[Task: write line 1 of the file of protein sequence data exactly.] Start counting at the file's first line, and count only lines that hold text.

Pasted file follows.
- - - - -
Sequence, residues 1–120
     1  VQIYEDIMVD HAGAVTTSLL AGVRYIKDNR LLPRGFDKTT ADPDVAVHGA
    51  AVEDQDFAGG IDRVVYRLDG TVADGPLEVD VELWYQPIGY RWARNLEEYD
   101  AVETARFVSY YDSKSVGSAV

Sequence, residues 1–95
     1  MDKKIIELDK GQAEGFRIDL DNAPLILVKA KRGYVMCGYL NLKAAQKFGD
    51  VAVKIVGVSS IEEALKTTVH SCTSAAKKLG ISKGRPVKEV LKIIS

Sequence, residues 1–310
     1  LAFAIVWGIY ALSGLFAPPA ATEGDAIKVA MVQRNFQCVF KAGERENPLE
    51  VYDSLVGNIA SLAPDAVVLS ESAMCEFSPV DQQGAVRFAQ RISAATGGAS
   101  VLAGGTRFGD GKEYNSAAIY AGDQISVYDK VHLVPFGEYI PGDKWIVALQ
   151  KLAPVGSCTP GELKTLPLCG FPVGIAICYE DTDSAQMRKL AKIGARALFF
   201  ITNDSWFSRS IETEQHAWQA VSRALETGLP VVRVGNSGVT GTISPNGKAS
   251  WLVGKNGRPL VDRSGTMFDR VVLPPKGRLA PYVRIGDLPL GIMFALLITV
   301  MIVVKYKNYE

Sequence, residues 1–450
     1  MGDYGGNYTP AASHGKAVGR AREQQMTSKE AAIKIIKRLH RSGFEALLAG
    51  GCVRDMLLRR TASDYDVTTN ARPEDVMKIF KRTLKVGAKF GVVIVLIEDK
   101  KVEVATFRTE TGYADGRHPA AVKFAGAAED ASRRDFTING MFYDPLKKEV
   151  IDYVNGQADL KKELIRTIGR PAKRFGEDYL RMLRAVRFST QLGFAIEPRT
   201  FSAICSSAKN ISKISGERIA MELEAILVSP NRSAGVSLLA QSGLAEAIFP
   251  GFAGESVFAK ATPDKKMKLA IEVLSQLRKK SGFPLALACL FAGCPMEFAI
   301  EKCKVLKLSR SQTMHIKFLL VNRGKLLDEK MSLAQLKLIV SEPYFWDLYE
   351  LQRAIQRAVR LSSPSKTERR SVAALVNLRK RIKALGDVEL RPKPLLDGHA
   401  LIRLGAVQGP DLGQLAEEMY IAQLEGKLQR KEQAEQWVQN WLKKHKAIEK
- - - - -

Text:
Sequence, residues 1–120